Objectives There is considerable delay in the diagnosis of ankylosing spondylitis (AS) mostly due to the slow development of radiographic sacroiliitis. In a previous multi-center study we showed that approximately 1/3 of the AS patients had been diagnosed as lumbar disc herniation (LDH), and 7% had operation history for LDH. Moreover, prior history of LDH, and past history of surgery for LDH were independent predictors for the delay in diagnosis. In this study, we aimed to evaluate the frequency of AS and spondyloarthritis (SpA) in patients who had been surgically treated for LDH.
Methods We retrieved the records of the patients who underwent LDH surgery between 2008 and 2010, in the neurosurgery clinic of our university hospital. Eligible patients were then invited to the rheumatology clinic for further evaluation. All patients were examined according to a standard protocol to capture patients with SpA and AS. A face to face interview by using a standardized questionnaire was performed to obtain demographic and clinical features of SpA. Standard pelvic X-rays were performed in all patients to assess the sacroiliac joints (SIJ). The modified New York criteria (mNY) was used for the diagnosis of AS, and Amor and the European Spondyloarthropathy Study Group (ESSG) criteria were used for the classification of SpA. A telephone interview was performed by using the same questionnaire for patients who could not come to the outpatient clinic.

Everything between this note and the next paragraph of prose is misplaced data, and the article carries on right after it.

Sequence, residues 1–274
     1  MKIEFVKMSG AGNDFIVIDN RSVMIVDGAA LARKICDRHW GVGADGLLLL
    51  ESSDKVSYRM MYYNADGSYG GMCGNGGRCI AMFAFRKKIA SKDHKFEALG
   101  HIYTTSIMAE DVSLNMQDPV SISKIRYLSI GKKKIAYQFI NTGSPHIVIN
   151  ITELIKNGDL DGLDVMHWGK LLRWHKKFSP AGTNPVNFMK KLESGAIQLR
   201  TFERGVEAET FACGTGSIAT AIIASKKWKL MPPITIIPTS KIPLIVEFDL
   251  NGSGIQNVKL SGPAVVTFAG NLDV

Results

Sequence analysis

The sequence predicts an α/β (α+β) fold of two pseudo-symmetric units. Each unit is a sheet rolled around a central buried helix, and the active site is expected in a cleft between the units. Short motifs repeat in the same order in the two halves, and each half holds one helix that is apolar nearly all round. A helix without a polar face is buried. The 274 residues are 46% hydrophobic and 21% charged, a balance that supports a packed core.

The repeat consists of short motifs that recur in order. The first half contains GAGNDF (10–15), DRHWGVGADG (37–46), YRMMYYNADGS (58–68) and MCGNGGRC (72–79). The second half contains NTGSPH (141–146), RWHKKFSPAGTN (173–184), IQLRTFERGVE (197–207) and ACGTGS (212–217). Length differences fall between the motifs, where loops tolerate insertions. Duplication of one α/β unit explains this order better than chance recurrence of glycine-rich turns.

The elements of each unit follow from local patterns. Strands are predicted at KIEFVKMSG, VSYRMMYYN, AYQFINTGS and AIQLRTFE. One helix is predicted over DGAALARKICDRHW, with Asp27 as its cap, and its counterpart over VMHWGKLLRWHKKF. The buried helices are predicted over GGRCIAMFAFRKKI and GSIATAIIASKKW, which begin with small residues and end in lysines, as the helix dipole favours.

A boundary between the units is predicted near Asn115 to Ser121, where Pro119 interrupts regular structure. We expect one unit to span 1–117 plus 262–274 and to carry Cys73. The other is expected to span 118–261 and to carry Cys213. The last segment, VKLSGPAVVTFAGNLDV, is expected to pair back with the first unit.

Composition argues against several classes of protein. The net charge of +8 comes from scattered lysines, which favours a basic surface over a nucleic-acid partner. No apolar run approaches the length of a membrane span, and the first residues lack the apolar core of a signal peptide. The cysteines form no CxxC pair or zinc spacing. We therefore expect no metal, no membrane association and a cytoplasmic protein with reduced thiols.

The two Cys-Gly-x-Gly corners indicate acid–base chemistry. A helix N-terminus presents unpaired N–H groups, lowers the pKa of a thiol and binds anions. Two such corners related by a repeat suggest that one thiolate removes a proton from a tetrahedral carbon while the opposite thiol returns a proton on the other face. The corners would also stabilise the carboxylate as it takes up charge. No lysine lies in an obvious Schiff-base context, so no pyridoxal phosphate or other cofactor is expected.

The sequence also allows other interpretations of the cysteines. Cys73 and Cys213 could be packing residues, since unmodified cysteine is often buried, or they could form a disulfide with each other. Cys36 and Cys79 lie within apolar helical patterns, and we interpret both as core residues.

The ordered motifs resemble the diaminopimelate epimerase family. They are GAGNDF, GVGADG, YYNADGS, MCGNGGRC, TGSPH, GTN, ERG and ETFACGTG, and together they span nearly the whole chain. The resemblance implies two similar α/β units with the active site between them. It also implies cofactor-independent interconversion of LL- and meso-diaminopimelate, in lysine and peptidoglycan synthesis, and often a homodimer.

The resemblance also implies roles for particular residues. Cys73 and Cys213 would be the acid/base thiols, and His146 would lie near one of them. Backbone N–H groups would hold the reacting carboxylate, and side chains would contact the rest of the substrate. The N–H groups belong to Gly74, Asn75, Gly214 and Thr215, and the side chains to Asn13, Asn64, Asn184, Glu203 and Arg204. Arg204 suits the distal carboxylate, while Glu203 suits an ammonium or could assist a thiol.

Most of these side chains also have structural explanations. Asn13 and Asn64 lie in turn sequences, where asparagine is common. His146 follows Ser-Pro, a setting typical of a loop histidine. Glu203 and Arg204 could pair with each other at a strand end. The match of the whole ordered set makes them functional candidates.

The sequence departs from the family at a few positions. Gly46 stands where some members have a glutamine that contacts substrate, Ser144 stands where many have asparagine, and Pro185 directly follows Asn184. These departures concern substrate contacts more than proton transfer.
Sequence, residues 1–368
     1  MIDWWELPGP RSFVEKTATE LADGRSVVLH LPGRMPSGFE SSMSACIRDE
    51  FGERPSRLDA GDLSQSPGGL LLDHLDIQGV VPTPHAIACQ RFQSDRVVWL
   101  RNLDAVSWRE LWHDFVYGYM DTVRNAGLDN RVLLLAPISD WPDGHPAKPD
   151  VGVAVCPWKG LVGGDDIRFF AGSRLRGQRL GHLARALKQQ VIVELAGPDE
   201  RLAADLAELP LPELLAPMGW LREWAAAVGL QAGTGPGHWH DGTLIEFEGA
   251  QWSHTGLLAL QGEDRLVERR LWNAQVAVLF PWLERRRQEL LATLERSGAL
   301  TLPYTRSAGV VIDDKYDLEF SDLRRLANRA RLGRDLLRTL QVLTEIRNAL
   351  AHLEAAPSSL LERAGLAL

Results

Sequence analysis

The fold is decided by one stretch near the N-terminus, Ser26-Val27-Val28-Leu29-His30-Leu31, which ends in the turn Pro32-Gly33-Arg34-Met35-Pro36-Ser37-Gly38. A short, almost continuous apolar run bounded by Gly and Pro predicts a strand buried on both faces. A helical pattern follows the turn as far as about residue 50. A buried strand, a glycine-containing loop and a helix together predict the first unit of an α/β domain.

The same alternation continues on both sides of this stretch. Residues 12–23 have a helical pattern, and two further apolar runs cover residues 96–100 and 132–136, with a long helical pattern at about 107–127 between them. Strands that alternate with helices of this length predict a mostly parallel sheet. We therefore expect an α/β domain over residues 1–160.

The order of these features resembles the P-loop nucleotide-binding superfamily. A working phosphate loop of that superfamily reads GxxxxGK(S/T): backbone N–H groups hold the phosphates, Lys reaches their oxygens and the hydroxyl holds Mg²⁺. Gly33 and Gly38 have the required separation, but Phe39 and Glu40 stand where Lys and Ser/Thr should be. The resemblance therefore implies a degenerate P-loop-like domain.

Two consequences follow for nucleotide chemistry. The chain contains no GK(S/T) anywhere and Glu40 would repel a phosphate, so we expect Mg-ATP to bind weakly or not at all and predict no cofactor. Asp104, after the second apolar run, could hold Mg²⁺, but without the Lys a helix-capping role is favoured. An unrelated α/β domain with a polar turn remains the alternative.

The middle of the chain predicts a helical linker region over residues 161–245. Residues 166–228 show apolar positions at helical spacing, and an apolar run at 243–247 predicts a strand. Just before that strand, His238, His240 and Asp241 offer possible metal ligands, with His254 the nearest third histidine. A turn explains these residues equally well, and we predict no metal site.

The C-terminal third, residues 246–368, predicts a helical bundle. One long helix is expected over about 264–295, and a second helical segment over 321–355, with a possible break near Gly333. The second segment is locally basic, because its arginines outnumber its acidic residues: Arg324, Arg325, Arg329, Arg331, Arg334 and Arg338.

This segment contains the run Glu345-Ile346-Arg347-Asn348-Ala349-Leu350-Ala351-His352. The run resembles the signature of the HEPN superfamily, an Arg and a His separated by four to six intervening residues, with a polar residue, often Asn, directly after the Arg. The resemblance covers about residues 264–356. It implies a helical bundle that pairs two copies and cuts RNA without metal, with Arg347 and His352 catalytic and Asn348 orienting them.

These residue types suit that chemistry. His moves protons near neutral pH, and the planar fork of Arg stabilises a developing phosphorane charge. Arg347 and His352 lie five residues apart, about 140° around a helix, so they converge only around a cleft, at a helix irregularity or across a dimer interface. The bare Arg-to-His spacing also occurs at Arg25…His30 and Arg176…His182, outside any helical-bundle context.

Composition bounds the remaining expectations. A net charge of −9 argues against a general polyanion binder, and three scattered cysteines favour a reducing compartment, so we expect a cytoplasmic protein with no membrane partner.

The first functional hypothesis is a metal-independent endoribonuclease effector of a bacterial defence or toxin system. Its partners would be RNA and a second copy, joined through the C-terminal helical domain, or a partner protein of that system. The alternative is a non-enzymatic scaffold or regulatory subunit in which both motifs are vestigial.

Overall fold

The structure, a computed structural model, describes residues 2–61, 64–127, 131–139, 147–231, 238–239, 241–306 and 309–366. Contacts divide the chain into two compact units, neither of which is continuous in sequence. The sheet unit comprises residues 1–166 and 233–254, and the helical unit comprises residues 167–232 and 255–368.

Results We detected 789 patients who underwent LDH surgery in this time period. We could not reach 468 patients (59%) despite at least two contact attempts by telephone. With the remaining 321 patients (142 male [44.2%], mean age 49.7±10.8 years) a face to face (n=123) or telephone interview (n=198) was performed. Face to face and telephone interview groups had similar age, sex distribution and symptom duration. However, education level was significantly higher in the face to face interview group (9.0±4.4 years vs. 7.1±4.1 years; p<0.001) and they reported ongoing pain after surgery more frequently (68% vs. 51.7%; p<0.001). The mean age at the onset-of low back pain was 34.4±12.5 years and at LDH diagnosis was 41.6±12.4 years. IBP was present in 108 patients (33.6%) according to the Calin and in 51 patients (16.4%) according to the Berlin criteria. Plain pelvic radiographs were performed in 308 patients and 5 (1.6%) of them had unequivocal sacroiliitis and were classified as having AS according to the modified New York criteria. The MRI of sacroiliac joints could be obtained in 12 out of 34 patients who had IBP but not radiographic sacroiliitis. Four patients had bone marrow edema in MRI examination in accordance with the Assessement of Spondyloarthritis International Society (ASAS) definitions. The overall prevalence of radiologic sacroiliitis (MRI sacroiliitis + X-ray sacroiliitis) was found 2.9% ((5+4)/308). The prevalence of SpA was estimated as 17.7% (57 patients) and 8.7% (28 patients) according to the ESSG and Amor criteria, respectively.
Conclusions The relatively high prevalence of AS and SpA among patients who had undergone LDH surgery indicates the necessity of increasing awareness about the concept of axial SpA of the specialists dealing with low back pain.
Disclosure of Interest None Declared
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